Coffee is important in my house. I would venture to guess that if we had to get along without it, we would become quite grumpy. Pondering on this made me wonder–who was the first person to see some weird looking berry thing, find a brown thing inside and think, “I’m going to roast this then pour hot water over it and drink whatever happens”?
So, it probably didn’t really happen like that and I’m not sure anyone knows who really discovered coffee or its benefits, but the most popular (and fun) legend I could find was about a goat herder named Kaldi. As the story goes, Kaldi lived in Ethiopia around 800 AD. One day he was out with his herd of goats and noticed they were behaving somewhat strangely. Energized and excited goats are obviously a mysterious site, so he examined what they were eating. To Kaldi, it looked like red berries growing on a small tree.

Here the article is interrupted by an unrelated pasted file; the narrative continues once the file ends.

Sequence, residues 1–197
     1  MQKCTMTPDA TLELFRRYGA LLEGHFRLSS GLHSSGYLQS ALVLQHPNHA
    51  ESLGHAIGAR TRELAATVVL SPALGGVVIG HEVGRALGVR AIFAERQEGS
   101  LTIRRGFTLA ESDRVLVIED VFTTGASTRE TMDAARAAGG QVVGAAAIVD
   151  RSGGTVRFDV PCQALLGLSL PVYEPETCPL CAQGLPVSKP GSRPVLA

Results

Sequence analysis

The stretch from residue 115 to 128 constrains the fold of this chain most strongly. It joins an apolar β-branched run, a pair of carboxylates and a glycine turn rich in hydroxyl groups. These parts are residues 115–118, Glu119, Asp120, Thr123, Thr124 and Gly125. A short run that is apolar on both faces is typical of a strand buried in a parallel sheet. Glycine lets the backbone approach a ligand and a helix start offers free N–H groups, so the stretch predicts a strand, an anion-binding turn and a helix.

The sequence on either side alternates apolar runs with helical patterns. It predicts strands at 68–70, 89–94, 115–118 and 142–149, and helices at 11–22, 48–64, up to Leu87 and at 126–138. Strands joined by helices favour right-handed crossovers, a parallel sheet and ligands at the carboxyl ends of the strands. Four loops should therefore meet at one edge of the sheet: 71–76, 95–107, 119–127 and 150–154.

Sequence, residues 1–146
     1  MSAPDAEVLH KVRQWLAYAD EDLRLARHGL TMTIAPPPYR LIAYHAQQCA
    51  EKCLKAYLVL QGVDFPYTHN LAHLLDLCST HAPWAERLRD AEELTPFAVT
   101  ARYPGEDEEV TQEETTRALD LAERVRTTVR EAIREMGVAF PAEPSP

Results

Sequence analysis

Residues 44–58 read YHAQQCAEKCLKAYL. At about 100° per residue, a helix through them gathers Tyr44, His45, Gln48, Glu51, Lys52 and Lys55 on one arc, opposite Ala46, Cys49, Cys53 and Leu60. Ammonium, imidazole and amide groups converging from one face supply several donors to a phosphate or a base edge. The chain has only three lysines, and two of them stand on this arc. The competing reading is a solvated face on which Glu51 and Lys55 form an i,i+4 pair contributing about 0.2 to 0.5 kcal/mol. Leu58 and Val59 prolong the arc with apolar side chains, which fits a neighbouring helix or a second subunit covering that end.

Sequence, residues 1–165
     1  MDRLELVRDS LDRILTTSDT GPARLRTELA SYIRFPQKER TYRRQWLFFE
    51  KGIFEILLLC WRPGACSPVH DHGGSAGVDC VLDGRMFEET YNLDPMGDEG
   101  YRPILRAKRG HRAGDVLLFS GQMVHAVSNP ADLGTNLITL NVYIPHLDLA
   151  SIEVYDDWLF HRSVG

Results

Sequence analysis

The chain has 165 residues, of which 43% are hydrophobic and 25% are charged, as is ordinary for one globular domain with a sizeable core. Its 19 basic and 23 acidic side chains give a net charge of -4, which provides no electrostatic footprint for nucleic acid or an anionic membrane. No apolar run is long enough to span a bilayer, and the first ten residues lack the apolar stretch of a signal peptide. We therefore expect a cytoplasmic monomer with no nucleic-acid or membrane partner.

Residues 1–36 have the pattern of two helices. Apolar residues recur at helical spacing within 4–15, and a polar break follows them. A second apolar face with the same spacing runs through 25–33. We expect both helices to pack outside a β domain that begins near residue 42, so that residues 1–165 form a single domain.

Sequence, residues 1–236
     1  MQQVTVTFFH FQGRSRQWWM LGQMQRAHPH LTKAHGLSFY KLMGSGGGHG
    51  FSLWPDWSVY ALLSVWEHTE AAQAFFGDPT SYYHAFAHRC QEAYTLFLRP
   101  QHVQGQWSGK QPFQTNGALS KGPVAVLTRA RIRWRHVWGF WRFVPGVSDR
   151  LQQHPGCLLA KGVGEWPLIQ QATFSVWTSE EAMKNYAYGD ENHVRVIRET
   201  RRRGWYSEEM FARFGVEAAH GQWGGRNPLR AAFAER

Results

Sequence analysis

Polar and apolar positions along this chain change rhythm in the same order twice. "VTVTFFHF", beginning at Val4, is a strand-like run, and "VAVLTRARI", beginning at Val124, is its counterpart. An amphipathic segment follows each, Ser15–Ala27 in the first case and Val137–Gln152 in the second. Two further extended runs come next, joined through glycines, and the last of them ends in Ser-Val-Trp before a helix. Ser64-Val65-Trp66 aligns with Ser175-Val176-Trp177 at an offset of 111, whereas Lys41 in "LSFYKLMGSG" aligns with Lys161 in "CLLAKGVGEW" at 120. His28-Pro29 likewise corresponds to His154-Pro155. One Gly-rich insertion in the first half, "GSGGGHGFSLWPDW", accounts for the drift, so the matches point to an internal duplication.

The monks didn’t take well to his story. They called it “the work of the devil” and threw the berries into the fire. But wait – what was that wonderful aroma coming from the fire? They raked the berries out of the fire finding they now easily crushed into fine pieces. The pieces were placed into a jug and covered with hot water for preservation, thinking perhaps they could study them more later.
What’s your opinion? Do you drink coffee? Do you like coffee? (Those two questions don’t necessarily go together). And wouldn’t you love to see Kaldi’s goats on their coffee high?
Rand isn't looking for true love. What he needs is a wife to help care for his orphan nieces. Desperate, he sends an advertisement and hopes for the best.
Fleeing her former employer who would use her to further his unlawful acts, an advertisement reads like the perfect refuge to Carly. Hiding herself on a Kansas cattle ranch is her best shot for freedom.
But its sanctuary comes with a price. While marrying a man she doesn't know or love means sacrificing her dreams, it's better than being caught by the law.
Or is it?